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Sep 1, 2009 (Vol. 29, No. 15)

Cellular Imaging and Analysis Roundtable

Past, Present, and Future of Enabling Technology in Academia and Industry

  • GEN recently sat down with thought leaders in the cellular imaging and analysis space to talk about current and emerging trends in the field. The three experts, all intimately familiar with imaging applications, talked about the use of high-content screening in industry and academia, overcoming bottlenecks, reagent gaps, and live-cell vs. fixed imaging.

    James G. Evans, Ph.D., from Anon Consulting; Kelvin Lam, Ph.D., director of high-throughput screening at the Harvard Stem Cell Institute; and Achim von Leoprechting, Ph.D., vp and GM, cellular imaging and analysis solutions at PerkinElmer, were the panelists.

  • Click Image To Enlarge +
    James G. Evans, Ph.D.

    GEN:  How extensively is high-content imaging being used in drug discovery and academia?

    Evans:  High-content screening (HCS) was developed in drug discovery. Six years ago, MIT and the Whitehead Institute partnered with Cellomics to bring high-content screening into an academic environment, particularly for systems biology applications. Right now, the two areas are pretty even. There’s a lot of high-content screening being done in both drug discovery and academia. RNAi screening is probably the predominant academic application, particularly at places like the Broad Institute.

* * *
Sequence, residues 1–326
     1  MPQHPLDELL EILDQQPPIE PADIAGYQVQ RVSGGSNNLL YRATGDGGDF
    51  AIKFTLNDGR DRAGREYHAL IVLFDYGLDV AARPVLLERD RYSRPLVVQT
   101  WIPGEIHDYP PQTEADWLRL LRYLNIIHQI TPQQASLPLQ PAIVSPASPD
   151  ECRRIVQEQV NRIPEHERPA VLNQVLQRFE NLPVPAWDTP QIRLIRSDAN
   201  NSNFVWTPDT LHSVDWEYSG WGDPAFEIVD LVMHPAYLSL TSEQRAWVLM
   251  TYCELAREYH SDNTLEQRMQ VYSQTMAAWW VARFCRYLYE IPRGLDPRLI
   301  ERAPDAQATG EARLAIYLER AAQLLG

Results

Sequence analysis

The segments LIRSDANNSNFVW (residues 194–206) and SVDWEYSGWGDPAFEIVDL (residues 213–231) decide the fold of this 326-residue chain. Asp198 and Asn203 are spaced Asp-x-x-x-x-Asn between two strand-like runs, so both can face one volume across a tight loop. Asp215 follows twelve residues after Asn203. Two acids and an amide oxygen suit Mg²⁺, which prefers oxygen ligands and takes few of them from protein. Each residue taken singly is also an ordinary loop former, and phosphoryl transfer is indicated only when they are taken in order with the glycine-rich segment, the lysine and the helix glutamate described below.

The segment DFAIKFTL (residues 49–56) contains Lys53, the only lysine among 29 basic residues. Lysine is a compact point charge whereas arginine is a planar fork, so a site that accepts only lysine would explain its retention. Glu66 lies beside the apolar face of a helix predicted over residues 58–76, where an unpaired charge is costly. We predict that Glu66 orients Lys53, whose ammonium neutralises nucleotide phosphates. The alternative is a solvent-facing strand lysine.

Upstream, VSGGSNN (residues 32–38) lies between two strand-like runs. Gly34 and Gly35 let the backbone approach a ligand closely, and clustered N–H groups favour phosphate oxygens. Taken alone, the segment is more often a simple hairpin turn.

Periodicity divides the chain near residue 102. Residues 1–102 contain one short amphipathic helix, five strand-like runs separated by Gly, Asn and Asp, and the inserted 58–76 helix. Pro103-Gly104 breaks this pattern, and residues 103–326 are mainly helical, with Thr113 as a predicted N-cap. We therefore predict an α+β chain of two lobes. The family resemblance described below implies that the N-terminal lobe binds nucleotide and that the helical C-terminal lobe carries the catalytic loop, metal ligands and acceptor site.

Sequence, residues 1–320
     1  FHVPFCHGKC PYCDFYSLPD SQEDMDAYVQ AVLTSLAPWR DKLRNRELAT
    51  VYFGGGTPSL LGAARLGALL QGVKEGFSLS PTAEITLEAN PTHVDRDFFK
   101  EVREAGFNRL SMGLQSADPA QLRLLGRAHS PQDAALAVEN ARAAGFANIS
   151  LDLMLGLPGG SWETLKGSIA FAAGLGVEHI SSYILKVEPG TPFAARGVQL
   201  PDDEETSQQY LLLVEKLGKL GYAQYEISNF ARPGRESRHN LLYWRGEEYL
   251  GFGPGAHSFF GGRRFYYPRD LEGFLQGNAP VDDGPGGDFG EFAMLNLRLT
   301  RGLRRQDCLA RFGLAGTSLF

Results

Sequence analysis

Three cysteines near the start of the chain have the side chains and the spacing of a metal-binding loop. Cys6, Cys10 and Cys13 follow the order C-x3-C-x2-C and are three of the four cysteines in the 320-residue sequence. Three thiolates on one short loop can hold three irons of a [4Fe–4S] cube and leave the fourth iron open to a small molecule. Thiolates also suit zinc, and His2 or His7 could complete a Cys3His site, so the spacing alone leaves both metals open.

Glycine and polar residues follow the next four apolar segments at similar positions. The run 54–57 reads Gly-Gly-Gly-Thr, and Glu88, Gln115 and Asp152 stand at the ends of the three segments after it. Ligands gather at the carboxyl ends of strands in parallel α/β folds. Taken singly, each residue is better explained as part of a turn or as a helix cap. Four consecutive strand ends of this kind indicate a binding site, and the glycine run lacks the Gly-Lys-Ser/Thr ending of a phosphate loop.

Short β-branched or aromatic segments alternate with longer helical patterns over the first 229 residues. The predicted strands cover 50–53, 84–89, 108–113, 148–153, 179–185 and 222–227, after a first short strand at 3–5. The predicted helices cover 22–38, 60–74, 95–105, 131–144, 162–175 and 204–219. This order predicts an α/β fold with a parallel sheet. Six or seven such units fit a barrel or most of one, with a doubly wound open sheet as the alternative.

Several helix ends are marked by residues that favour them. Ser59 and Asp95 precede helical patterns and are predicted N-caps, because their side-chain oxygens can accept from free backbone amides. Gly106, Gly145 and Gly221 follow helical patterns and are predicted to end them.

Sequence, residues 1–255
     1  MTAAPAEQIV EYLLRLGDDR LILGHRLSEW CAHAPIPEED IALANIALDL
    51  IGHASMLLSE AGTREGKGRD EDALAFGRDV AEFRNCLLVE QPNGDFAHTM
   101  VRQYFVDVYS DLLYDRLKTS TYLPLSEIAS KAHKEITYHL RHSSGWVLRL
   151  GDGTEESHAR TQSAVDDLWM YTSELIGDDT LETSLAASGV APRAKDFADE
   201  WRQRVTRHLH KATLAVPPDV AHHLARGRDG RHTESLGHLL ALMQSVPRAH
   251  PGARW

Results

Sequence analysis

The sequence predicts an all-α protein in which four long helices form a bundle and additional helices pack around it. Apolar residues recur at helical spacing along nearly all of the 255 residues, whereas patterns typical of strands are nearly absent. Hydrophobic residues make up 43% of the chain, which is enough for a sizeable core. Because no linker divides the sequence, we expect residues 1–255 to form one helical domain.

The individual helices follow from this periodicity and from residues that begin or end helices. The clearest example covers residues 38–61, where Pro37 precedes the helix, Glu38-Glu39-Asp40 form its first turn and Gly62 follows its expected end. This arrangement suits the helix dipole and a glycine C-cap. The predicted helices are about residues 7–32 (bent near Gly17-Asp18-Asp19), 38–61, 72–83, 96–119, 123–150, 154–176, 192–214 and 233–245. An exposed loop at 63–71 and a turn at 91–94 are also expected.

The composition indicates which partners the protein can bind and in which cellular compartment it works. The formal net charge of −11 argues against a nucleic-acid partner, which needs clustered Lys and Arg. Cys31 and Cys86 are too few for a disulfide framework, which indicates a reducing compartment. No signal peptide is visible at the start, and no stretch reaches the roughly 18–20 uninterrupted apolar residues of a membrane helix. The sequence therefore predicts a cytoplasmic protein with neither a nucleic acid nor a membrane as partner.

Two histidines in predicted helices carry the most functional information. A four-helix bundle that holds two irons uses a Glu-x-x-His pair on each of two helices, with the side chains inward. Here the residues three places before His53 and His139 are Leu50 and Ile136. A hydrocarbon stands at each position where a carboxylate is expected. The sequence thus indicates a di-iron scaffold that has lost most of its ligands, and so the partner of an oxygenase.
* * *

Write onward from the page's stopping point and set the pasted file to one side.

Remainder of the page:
Lam: High-content screening has traditionally been used as a secondary screen. However, it is moving toward the primary screening area due to advances in data workflow and data management.

    von Leoprechting: Traditionally, high-content screening was used in drug discovery, mainly in secondary screening or for tox applications where it offered a particular benefit over existing methods. From there, academic screening centers started to use HCS with phenotypic assays for mechanistic research and drug screening. Today HCS has become a well-established tool for both cell-based drug discovery and academic research. At this time, the technology advancement is clearly led by academia and many new developments like higher-throughput technologies, better spectral-resolution techniques, improved image-analysis tools and reagents, are being developed in academia.

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